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From an email, angels and Greek gods

I've been searching for and downloading the best formatted epubs and pdfs of Bullinger's Decades. It's a major historical work of doctrine from the 16th century.

In the Fourth Decade, Sermon Nine, on angels and evil spirits I found the first reference I think I've seen in a major Calvinist, Reformed source, connecting biblical angels with the gods of pagan poets, obviously Homer is what he is referencing here. Heathenish poets and philosophers -- that is ancient Greece:

"Let us therefore believe that there are angels. For the authority of the Son of God, and the irrevocable truth of the holy scriptures, ought worthily to win more credit with us than the toys of all Sadducees and wicked men. What, have not the heathenish poets and philosophers confessed that there are angels, whom they call gods? For they, feigning that gods in the likeness of men were lodged and entertained of righteous men, seemed to all learned men to have meant nothing else than that which the holy scriptures make mention of, how Abraham and Lot received angels into their houses resembling strangers. But howsoever the case standeth, most certain it is, both by the holy scripture and by manifold experience, that there are blessed spirits of God, that is to say, good angels."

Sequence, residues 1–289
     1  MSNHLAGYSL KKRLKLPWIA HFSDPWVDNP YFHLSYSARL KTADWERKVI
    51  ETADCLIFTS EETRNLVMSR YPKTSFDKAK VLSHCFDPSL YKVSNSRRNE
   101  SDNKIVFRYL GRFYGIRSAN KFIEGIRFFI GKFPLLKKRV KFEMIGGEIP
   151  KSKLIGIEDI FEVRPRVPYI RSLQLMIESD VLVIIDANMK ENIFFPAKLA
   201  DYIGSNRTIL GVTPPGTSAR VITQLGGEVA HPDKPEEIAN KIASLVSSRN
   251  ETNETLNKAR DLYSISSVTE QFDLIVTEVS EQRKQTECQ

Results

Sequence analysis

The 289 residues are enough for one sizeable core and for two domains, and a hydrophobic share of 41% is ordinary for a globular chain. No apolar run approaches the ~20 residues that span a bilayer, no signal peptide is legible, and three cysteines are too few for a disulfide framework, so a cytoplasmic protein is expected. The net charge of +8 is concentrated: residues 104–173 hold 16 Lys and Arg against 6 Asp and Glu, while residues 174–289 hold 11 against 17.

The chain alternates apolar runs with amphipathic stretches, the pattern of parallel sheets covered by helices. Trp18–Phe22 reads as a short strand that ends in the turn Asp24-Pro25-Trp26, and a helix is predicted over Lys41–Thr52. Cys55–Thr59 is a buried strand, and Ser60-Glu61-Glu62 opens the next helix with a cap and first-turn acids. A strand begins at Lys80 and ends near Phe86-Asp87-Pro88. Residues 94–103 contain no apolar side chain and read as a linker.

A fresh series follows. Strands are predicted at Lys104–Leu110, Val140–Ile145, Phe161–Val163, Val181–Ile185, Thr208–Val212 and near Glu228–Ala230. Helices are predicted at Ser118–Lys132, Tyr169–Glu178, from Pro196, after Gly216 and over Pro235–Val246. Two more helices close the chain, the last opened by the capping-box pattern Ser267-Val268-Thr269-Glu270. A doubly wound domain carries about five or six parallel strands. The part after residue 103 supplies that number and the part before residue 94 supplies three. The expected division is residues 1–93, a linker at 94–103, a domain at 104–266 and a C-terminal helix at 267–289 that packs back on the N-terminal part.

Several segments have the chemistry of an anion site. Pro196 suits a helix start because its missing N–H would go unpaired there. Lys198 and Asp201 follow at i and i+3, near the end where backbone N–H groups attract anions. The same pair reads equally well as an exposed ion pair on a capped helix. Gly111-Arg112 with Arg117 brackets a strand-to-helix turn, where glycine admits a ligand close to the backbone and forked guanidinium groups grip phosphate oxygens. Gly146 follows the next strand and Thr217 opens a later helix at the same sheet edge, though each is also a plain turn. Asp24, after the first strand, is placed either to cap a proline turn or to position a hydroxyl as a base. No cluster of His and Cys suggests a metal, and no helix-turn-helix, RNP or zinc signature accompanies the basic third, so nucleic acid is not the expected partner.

This is why I like reading the older works. A modern Reformed theologian wouldn't have read or appreciated the Homeric epics, and would consider such a notion, that angels and the depictions of gods and goddesses of the ancients, had any connection. Whacky, they'd say. - C.


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